Little Billy was as cute as they come when he arrived at the shelter. He was a couple of months old, had the sweetest freckles on his face and would tilt his head endearingly when you talked to him. However, Billy was also quite a handful. He had had no training or boundary setting ande he was prone to nippiness as cattle dogs often are. He was a tough case and even experienced dog handlers found him frustrating to work with. Egads. Though there were people interested in adopting such an adorable boy his behavior made it unviable. Staff and volunteers realized that the only way to get Billy out of the shelter and into the home that all young dogs deserve, we would have to implement a training program to help him learn good canine manners.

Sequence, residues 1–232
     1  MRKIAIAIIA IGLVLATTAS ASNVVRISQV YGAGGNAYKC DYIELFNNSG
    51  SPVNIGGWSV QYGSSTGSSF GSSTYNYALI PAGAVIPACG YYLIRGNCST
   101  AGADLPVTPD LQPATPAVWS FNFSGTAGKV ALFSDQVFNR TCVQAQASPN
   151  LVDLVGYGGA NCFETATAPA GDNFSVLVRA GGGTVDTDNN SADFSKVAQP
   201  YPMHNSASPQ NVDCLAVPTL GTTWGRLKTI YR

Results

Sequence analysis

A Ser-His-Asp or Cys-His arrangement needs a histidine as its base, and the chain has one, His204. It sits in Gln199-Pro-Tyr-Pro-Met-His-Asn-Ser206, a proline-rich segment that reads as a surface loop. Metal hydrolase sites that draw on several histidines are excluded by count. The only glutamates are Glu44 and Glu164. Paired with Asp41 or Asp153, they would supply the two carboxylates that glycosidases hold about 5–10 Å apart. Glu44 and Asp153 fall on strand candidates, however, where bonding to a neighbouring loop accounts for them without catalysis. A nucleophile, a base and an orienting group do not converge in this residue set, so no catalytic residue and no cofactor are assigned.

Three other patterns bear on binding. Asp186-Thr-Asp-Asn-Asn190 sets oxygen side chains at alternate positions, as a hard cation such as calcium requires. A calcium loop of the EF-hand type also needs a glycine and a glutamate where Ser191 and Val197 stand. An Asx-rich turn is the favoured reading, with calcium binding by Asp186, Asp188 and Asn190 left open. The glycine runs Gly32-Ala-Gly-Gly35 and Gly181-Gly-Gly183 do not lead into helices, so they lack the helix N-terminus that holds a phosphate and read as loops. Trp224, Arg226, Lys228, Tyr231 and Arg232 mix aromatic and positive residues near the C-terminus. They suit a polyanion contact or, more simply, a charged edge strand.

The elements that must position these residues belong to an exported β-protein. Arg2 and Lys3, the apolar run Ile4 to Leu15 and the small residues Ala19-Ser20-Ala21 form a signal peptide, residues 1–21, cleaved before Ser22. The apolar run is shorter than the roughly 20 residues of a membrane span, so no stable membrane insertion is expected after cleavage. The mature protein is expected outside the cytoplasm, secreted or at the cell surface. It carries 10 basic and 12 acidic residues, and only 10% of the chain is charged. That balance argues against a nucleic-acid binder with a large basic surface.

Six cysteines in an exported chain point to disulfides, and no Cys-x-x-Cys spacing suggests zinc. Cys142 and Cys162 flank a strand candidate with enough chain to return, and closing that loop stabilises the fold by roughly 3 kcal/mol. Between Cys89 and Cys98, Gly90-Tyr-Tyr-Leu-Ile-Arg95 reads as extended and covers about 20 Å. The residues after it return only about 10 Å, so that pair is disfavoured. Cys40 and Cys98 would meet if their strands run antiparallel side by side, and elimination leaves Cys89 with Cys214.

As they say, "it takes a village to save a dog" and that's what Kate, Janis, Joyce, Suzanne and I set out to do. One of us took him out on a training walk each day. Progress was slow because Billy was a stubborn and very smart little pooch. I remember running him around Aquatic Park on a warm day. He finally got tired and hot enough to sit with me in the shade and rest his chin on my leg. It was the first instance he'd shown me any affection and it gave me hope for the first time. Prior to that he would have been mouthing my leg a bit harder than a dog should do. Finally.
As it happened, after several weeks of this training someone showed up and was drawn to Billy's enthusiasm and tough boy attitude. We were all amazed but elated. After a homecheck, Billy went home with his new dad. It was almost too good to be true.
Now, months later Billy stopped by the shelter to say "hi" recently. According to staff "He looks like a different dog, he's very tall, long gangly legs! Anyway he's looking good, very well behaved, very happy to see us all. The two of them were great pals and his owner adores him."